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Top official in Trump-Russia probe could be on way out: US media


Washington (AFP)

Rod Rosenstein, the deputy attorney general overseeing the probe into alleged collusion between Russia and President Donald Trump, was received Monday at the White House as US media reported he was about to resign or be fired.

The departure of Rosenstein -- possibly giving Trump an opportunity to get more of a loyalist as a replacement -- would dramatically rock the probe into whether Russia conspired with Trump's campaign to aid his 2016 shock presidential election victory.

Several media outlets including The New York Times and The Washington Post reported that Rosenstein was preparing to be dismissed, following the publication of reports that he had discussed ways to remove Trump over incompetence.

Trump was away in New York at the UN annual assembly and Rosenstein was due to be received by the chief of staff John Kelly.

But it was not immediately clear whether he would be sacked or resign, or even whether the presidency would accept a resignation, the reports said.

- Trump vs Justice Department -

Rosenstein plays a key role in overseeing the probe by Special Counsel Robert Mueller, which Trump calls a politically motivated "witch hunt."

In a highly unusual policy for a US president, Trump has repeatedly attacked the Justice Department and the FBI, claiming that they are biased against him.

Just last Friday, Trump referred in a speech to supporters to a "lingering stench" at the Justice Department that he would soon eradicate.

Allies of the president say he is angered and frustrated by Mueller's probe, which has resulted in multiple prosecutions and convictions of people close to Trump -- with the prosecutor's targets inching ever higher up the chain.

The rancor between Trump and his own law enforcement bodies took an extraordinary turn with reports last week that in May 2017 Rosenstein suggested secretly recording Trump for evidence of White House dysfunction.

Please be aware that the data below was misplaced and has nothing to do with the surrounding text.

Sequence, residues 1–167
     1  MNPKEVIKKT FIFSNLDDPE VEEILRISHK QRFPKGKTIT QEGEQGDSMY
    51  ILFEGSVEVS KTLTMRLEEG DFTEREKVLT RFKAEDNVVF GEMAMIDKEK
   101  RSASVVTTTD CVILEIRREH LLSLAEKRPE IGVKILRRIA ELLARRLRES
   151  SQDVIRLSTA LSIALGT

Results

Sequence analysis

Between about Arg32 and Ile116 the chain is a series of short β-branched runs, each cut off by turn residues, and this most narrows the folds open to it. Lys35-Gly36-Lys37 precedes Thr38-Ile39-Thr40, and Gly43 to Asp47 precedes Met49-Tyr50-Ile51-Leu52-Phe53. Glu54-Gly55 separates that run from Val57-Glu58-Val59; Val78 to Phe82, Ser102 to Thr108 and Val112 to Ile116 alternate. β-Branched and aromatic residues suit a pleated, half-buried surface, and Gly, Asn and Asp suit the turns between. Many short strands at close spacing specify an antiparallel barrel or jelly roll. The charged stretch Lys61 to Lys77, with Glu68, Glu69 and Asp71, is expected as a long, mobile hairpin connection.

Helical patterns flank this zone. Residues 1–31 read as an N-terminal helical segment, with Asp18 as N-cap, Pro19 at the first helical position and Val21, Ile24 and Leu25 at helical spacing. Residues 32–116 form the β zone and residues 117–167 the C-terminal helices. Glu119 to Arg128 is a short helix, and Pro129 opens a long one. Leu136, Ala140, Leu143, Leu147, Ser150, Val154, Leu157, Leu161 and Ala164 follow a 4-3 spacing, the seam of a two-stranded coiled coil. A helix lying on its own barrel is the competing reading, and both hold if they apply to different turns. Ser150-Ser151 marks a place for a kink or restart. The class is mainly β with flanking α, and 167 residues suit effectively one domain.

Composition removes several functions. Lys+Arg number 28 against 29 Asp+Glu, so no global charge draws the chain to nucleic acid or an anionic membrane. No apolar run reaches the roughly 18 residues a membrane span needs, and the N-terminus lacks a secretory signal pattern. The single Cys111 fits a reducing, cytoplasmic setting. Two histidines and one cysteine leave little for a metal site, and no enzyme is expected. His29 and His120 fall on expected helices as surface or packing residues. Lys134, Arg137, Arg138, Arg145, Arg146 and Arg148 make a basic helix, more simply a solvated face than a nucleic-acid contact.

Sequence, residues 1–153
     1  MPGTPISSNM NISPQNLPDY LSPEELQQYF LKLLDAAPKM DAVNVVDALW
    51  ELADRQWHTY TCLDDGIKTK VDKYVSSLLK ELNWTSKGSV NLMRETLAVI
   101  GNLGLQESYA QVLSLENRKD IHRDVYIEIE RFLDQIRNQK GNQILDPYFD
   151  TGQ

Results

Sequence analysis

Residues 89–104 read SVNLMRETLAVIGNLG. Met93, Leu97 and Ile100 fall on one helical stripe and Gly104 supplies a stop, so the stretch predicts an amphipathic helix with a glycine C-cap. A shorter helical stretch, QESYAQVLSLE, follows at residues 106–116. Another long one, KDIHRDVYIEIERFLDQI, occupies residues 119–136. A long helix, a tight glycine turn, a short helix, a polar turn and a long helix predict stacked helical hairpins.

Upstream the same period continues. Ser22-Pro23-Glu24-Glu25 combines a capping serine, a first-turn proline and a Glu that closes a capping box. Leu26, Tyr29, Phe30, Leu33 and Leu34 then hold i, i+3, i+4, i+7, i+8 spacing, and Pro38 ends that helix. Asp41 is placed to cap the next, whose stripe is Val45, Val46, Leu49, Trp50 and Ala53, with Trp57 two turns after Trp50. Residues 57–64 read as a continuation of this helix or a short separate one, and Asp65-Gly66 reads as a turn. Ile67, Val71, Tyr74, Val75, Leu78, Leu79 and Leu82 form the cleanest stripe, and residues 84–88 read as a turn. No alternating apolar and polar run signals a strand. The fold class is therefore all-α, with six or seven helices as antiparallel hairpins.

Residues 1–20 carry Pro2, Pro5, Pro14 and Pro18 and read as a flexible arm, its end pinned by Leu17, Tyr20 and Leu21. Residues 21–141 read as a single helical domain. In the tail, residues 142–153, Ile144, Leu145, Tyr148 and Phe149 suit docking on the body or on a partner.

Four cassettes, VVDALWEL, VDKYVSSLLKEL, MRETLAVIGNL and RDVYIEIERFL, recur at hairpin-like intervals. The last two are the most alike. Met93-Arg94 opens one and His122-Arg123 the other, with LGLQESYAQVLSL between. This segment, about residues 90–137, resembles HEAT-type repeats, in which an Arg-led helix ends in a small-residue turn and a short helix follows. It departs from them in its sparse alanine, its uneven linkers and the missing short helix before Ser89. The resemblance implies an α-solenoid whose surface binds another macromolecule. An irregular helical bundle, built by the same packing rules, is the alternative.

Rosenstein, who denies the reports, was said to have wanted to gather evidence for use in removing Trump from power under a constitutional amendment for cases when a president is not fit for office.

The New York Times and Washington Post reports were based on secret memos by a former FBI director.

Amid ever deepening paranoia and partisan division in Washington, some speculated the notes were leaked as a trap for Trump -- challenging him to oust the official in charge of the Russia probe.

His presidency is already overshadowed by a book by White House chronicler Bob Woodward that depicts Trump as so chaotic and capricious that aides even swipe controversial orders from his desk before they can be signed.

But others speculated that the story about Rosenstein had been planted to undermine both the deputy attorney general and Mueller, thereby giving Trump an excuse to go on the attack.

Democrat opponents and also many from his own Republican Party have warned Trump not to take any action that could be seen as attempting to weaken or even dismantle the Russia probe.

Many have predicted that Rosenstein would have to go following the hugely embarrassing reports on his supposed plot.

However, with November midterm congressional elections rapidly approaching -- and Trump's Republicans fearing a battering -- analysts say there would be considerable risk for the party if the White House is even seen as trying to interfere in the Russia probe.

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